Google Search Console

Formerly named Google Webmaster Tools, this tools offers developers and marketers the ability to monitor their site and see how it is indexed in Google.  Most other search engines offer tools like this one, so make sure you review them as well if you see them as a potential source of traffic.

These tools offer you the ability see if you are following the majority of the suggestions I made in this article.  I believe this is the most important tool on the list and for all the reasons listed in the article.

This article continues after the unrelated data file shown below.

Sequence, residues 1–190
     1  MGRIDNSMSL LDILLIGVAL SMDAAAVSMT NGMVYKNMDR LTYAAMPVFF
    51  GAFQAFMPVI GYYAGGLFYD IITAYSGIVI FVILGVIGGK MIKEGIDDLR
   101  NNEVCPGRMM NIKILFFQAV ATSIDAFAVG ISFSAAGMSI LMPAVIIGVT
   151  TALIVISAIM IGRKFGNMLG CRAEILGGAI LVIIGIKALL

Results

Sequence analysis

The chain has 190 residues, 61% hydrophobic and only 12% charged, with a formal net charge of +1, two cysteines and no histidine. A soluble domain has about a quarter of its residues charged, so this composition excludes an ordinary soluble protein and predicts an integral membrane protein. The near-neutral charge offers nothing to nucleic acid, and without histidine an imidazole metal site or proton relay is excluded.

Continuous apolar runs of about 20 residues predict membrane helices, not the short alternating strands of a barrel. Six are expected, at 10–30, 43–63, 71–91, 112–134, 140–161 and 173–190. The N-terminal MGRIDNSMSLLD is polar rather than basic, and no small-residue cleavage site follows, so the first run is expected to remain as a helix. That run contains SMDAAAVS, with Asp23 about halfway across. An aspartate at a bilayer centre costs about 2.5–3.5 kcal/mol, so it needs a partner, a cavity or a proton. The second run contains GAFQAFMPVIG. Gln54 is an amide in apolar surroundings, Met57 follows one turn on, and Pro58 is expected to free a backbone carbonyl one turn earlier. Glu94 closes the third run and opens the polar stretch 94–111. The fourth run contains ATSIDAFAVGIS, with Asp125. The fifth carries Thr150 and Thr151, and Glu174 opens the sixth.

Here is a list of tools offered for free by the Google Search Console:

  • Sitemap Tester
  • Mobile Usability
  • HTML Improvements
  • Site Links
  • Search Queries
  • Crawl Errors and Statistics
  • ROBOTS.txt Tester
  • Current Security Issues
  • Page Speed Test

Conclusion

This list could go on-and-on and I did my best to make sure I did as well (seriously, near 5,000 words?).  As a promise, I will make sure I keep it updated as things change.  When I originally wrote the piece, the majority of the work is in the hands of the web developers and designers, but I believe this will be a much larger team effort going forward. 

Check out the SlideShare Presentation for this topic here or in the frame below.